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December 15, 2018, 04:03:22 AM

Author Topic: Italy, Padova, Museo di Geologia e Paleontologia  (Read 152 times)

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Frank de Wit

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Italy, Padova, Museo di Geologia e Paleontologia
« Reply #1 on: April 18, 2012, 10:25:03 PM »
Università degli Studi di Padova
http://www.unipd.it/
Dipartimento di Geoscienze
http://www.geoscienze.unipd.it/

Museo di Geologia e Paleontologia
http://www.unipd.it/musei/geologia/
http://www.musei.unipd.it/en/mineralogy

Curator Alessandro Guastoni http://www.strahlen.org/forum/index.php/topic,7464.0.html

Quartz, topaz, emeralds, gold, gemstones ...
The Museum of Mineralogy at the University of Padova houses an extensive collection of mineral samples, with pieces from heavily mined – and often now depleted – mineral and metal deposits in Italy and abroad, but also from impervious mountain locations where, even today, mineral hunters adventure in search of precious “crystals of rock”. Minerals such as these are a precious resource for geological research, but they also have countless applications in industrial and civil contexts, and have been used for centuries as natural pigments for decoration and works of art.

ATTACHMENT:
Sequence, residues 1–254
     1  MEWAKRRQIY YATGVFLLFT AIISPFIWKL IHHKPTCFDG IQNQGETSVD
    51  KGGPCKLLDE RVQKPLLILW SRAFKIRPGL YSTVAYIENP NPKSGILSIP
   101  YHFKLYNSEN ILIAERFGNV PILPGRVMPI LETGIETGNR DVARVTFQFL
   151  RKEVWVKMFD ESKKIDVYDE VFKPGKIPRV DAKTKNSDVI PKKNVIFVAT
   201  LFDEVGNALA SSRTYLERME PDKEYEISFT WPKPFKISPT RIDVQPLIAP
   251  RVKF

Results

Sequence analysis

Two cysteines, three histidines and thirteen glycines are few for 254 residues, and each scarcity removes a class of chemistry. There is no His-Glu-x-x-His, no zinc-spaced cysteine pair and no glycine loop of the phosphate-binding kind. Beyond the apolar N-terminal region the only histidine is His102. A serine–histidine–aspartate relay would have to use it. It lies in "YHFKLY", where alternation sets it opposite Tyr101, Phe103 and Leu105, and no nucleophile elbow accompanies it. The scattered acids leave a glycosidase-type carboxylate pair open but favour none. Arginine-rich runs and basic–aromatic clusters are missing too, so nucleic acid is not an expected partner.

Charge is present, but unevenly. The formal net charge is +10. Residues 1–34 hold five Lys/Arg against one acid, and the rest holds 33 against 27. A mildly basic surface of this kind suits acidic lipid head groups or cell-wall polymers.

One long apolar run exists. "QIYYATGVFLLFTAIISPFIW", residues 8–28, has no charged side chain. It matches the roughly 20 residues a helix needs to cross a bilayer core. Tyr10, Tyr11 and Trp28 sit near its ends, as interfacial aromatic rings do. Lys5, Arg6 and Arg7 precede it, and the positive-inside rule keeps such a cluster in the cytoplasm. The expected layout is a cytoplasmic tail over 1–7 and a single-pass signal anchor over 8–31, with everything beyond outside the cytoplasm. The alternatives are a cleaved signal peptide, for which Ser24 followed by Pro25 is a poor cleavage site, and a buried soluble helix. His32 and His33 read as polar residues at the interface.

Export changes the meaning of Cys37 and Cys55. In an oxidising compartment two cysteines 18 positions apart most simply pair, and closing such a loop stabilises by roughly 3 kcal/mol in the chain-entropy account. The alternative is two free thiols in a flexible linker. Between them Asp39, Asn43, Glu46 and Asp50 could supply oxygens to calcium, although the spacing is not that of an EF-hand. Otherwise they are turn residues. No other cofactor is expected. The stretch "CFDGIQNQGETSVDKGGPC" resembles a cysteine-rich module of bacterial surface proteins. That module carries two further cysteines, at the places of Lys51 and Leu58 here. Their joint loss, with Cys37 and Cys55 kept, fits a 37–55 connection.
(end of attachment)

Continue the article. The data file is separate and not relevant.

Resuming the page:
The original core of the collection comprised specimens from the Vallisneri natural history collection, which was donated to the university in the early eighteenth century. The collection has grown over the intervening centuries, with additions such as the Gasser and Bianchi collections and countless more recently acquired specimens swelling its ranks to the point that today it can boast some 18,000 minerals, gemstones, ores and meteorite samples.
The museum also houses an extensive collection of nineteenth-century scientific instruments, such as goniometers, polariscopes and microscopes, which were used to observe and measure the morphological characteristics of crystals long before the advent of the X-ray technologies used today.
The mission of the Museum of Mineralogy is to protect and conserve its collection, but also to add to it with new mineral varieties, the likes of which continue to come to light as new areas of the planet are explored and surveyed. Not only are these discoveries new to science, they are fascinating to look and have great potential as exhibits.

Palazzo Cavalli
Via Giotto 1, 35121 Padova / Padua, Italy

Also see:
https://www.mindat.org/museum-221.html